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ARS Home » Midwest Area » Madison, Wisconsin » U.S. Dairy Forage Research Center » Dairy Forage Research » Research » Publications at this Location » Publication #259017

Title: Virus contamination from operation and maintenance practices in small drinking water distribution systems

item LAMBERTINI, ELISABETTA - University Of California
item Spencer, Susan
item KIEKE, BURNEY - Marshfield Clinic Research
item LOGE, FRANK - University Of California
item Borchardt, Mark

Submitted to: Journal of Water and Health
Publication Type: Peer Reviewed Journal
Publication Acceptance Date: 7/8/2011
Publication Date: 12/1/2011
Citation: Lambertini, E., Spencer, S.K., Kieke, B.A., Loge, F.J., Borchardt, M.A. 2011. Virus contamination from operation and maintenance practices in small drinking water distribution systems. Journal of Water and Health. 9:799-812.

Interpretive Summary: Drinking water distribution systems in municipalities in the United States are located underground, and the pipes are often laid in the same trench as the pipes for sanitary sewers. Sanitary sewers are notoriously leaky, releasing wastewater containing human pathogens into the surrounding soil. The close proximity of these two piping systems, clean drinking water and contaminated wastewater, has raised questions as to whether the activities necessary for day-to-day management of distribution systems could result in contamination. Cutting a pipe open or having a water main break accidently creates an obvious opening for contaminants to enter. A less obvious entry point, believed to happen but its importance not understood, is when an event in a distribution system, like closing a valve, creates a wave of negative pressure similar to water hammer in a house. When this happens, the leaks in the distribution system briefly suck water inward instead of pushing water outward, thus bringing surrounding soil into the pipes. This study related contamination levels of human gastrointestinal viruses in the tap water of 14 Wisconsin communities to operation and maintenance procedures the communities conducted in their distribution systems. Installing new pipes, which required opening up the systems, was found to be the activity that posed the greatest risk for virus contamination. Standard maintenance practices such as cleaning water towers and exercising valves to make sure they turn could create negative pressure waves and these activities were shown to have a weak effect in increasing virus levels. Cleaning pipes by hydrant flushing was shown to be beneficial in reducing virus contamination. Knowing when their distribution system could be vulnerable to contamination will help drinking water utilities take preventative measures. More broadly, these findings are relevant to any industry that uses piping for distributing raw or finished product, for example irrigation water or fluid milk, that needs to avoid product contamination from materials outside the piping system.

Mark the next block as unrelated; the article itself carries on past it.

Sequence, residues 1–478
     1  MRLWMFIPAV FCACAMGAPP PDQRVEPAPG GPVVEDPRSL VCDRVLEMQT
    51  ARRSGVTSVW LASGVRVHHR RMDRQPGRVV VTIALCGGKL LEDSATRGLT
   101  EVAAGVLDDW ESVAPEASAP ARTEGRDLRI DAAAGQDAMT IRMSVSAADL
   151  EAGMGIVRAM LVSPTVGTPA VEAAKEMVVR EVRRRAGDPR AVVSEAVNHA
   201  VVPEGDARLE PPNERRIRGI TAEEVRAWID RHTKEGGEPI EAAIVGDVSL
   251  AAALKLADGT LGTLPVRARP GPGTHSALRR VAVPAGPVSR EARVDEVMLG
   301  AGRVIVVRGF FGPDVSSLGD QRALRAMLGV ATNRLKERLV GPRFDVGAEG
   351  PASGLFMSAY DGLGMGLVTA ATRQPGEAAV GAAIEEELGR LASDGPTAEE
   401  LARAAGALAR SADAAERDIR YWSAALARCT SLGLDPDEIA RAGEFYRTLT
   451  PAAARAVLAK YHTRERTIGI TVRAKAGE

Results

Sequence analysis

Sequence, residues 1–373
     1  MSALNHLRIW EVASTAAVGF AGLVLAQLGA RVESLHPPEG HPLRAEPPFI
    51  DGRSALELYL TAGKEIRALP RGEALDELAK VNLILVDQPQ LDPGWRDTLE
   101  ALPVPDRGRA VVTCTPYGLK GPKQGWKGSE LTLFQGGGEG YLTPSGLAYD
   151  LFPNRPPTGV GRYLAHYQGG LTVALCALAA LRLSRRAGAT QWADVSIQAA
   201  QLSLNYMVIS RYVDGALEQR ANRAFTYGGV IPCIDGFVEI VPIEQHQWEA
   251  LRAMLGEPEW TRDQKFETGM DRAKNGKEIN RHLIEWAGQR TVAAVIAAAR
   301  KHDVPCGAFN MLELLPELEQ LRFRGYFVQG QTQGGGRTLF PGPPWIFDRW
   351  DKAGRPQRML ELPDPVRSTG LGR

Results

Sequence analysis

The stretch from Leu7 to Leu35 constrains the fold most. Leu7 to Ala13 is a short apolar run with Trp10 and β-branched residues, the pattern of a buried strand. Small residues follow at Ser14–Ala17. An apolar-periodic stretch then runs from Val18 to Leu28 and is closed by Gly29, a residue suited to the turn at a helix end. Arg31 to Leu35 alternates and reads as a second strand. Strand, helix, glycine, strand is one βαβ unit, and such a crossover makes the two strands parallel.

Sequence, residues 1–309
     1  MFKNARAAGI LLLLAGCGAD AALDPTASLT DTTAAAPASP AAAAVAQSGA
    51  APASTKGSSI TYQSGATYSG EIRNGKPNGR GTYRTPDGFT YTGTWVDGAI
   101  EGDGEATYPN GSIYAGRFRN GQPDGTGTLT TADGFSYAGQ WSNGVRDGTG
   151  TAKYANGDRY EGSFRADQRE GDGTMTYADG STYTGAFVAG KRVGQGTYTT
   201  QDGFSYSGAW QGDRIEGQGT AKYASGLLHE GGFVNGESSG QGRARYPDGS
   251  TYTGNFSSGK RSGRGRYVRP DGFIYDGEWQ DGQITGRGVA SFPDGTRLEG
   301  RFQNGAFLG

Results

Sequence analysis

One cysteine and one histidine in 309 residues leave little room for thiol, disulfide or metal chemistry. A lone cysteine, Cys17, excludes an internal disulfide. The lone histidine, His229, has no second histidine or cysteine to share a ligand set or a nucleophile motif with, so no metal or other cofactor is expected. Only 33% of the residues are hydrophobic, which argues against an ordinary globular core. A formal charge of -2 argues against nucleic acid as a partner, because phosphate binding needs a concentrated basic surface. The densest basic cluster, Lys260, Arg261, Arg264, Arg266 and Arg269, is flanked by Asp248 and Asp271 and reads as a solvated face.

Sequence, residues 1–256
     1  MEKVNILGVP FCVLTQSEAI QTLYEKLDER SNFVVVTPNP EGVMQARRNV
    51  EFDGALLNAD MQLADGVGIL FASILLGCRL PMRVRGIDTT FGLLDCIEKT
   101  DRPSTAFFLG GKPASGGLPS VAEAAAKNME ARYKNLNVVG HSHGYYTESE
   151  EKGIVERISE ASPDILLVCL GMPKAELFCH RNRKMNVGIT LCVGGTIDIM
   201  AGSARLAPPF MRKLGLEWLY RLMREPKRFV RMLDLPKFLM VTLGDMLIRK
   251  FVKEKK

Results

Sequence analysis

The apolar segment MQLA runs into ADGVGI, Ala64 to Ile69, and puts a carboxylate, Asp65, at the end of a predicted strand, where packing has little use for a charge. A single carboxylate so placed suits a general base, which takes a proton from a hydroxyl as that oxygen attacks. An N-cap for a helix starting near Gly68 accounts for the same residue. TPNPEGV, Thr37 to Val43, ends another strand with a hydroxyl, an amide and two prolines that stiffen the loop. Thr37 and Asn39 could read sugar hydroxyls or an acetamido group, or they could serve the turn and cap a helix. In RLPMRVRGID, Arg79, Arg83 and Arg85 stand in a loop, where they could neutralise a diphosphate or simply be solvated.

Technical Abstract: We tested the association of common events in drinking water distribution systems with contamination of household tap water with human enteric viruses. Viruses were enumerated by qPCR in the tap water of 14 municipal systems that use non-disinfected groundwater. Ultra-violet disinfection was installed at all active wellheads to reduce virus contributions from groundwater to the distribution systems. As no residual disinfectant was added to the water, any increase in virus levels measured downstream at household taps would be indicative of distribution system intrusions. Utility operators reported events through written questionnaires. Virus outcome measures were related to distribution system events using binomial and gamma regression. Virus concentrations were elevated in the wells, reduced or eliminated by UV disinfection, and elevated again in distribution systems, showing that viruses were, indeed, directly entering the systems. Pipe installation was significantly associated with higher virus levels, whereas hydrant flushing was significantly associated with lower virus levels. Weak positive associations were observed for water tower maintenance, valve exercising, and cutting open a water main. Coliform bacteria detections from routine monitoring were not associated with viruses. Understanding when distribution systems are most vulnerable to virus contamination, and taking precautionary measures, will ensure delivery of safe drinking water.